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Calls to Action

When The Money Runs Out

Jennifer Sheridan, or "Mom to Charlie," is our grassroots advocacy chair for Tennessee and helping to lead the fight in the Legislature for insurance coverage for medically necessary autism treatments. She explains why she is working so hard to bring help to families, even though her own family would not benefit.

My little boy is 9 years old and has moderate to severe autism, major expressive and receptive language and speech delays, and lots of other issues. We actually homeschooled Charlie for the first four years for a few reasons. He was unable to learn in any kind of group setting. He was unable to just sit down in one place for any length of time. Unable to tolerate being spoken to by children or adults without getting up and running around, couldn't form basic give/take relationships with people because he never gave anyone a chance, he just wasn't interested for a long time.

ABA therapy changed that for Charlie.

We started when he was two years old, at the time the most important thing to me was to get him to tolerate having his temperature taken with an ear thermometer. ABA therapy taught him to not just tolerate the world, but to accept so much more of it and to want to become a part of it (on his terms of course!)

Autism is a neurological disorder, a medical condition, and a spectrum. For some of our children therapies like ABA, speech, OT, and other medical treatments are crucial to their ability to function.

Take Action Here Tennessee For Better Insurance

Many people outside our Community do not know this, and have no idea what our families go through to try to provide therapies and that so many of us do not have health insurance that covers these treatments. These therapies help our children become more productive, more self sufficient, more independent. These therapies can give so many of our kids their best shot to grow up to be taxpayers.

This is what our Autism Insurance Reform bill is about. Giving more of our kids their best chance to be successful in their own ways.

My family has gone so far in debt paying for these treatments out of pocket we may never get out, but that's what we felt we had to do to provide Charlie the therapies he needed. He goes to traditional public school now, third grade, and he is happy and able to learn. He's happy! And learning!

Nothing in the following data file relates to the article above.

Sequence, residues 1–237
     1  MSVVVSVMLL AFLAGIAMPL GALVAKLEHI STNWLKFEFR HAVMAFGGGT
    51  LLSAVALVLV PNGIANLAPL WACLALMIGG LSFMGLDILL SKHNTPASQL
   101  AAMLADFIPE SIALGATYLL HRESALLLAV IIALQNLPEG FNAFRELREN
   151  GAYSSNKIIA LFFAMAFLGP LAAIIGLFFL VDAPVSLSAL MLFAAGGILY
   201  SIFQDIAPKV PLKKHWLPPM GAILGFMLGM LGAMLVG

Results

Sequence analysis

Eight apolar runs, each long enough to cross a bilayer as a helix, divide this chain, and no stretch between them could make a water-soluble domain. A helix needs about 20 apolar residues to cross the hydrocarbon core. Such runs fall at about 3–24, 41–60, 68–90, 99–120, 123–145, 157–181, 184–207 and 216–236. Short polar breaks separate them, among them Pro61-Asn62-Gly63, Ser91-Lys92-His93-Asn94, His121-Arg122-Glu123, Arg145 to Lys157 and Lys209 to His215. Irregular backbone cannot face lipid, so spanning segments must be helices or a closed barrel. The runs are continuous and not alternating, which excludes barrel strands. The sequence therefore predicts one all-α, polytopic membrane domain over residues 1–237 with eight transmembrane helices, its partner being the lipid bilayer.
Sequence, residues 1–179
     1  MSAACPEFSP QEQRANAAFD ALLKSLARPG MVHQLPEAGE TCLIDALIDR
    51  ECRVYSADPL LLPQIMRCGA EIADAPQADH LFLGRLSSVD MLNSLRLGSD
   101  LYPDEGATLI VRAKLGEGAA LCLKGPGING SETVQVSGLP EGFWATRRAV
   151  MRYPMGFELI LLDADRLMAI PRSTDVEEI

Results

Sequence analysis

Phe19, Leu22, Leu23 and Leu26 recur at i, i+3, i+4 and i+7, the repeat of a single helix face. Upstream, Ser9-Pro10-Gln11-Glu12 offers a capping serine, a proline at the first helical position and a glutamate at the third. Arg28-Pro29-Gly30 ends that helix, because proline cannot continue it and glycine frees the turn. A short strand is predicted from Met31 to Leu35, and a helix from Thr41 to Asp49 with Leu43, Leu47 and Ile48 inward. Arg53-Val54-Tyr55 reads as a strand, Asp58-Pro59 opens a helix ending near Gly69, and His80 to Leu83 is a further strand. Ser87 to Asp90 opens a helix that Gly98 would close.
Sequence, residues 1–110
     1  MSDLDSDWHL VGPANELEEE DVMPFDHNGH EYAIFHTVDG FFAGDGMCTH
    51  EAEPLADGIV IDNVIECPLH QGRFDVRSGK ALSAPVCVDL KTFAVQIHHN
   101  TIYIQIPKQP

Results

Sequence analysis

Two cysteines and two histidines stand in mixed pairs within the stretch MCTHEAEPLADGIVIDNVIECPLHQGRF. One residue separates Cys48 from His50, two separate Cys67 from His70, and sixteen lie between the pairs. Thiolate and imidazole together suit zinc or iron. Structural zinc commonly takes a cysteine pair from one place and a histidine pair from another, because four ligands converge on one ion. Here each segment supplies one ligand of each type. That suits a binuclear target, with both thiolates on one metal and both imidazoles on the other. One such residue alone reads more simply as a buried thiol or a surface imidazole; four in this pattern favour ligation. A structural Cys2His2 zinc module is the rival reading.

In his case he is off to this great start because of dedicated ABA therapists who worked hard with us and showed him respect and love and taught him how to learn from an early age. Autism is a medical issue. Charlie received his diagnosis from a doctor, not a teacher, and is entitled to have access to health coverage for the medical therapies he needs.

We can no longer afford to provide therapy for him, we are all tapped out, but we gave him a good foundation, the best we could. I fear that there are so many parents right now in Tennessee who are unable to provide the therapy their children need, are unable to give their kids their best chance at independence and success. I fear they are giving up hope, and that when their money runs out there won't be any more therapy. That is crushing to our families and to our Community. We need to pass Autism Insurance Reform in Tennessee.

Our bill won't help everybody -- my family included, as our insurance plan is regulated by the Federal government -- but it's a start and it's something we can do if we pull together and fight for it. It is NOT okay for our state to continue to support the discrimination our families face from the insurance companies. It is not okay.

Thirty-four other states have already passed laws like these, their children have access to insurance coverage for these treatments and they have better chances than our own. This is not okay. This is not right. Please do what you can to help pass our bill in Tennessee. Our kids and our friends and our families deserve this and so much more. We aren't asking for something for free, we are asking to be treated fairly.

Please answer the Calls to Action and help get this bill passed in 2014.


The Autism Speaks blog features opinions from people throughout the autism community. Each blog represents the point of view of the author and does not necessarily reflect Autism Speaks' beliefs or point of view.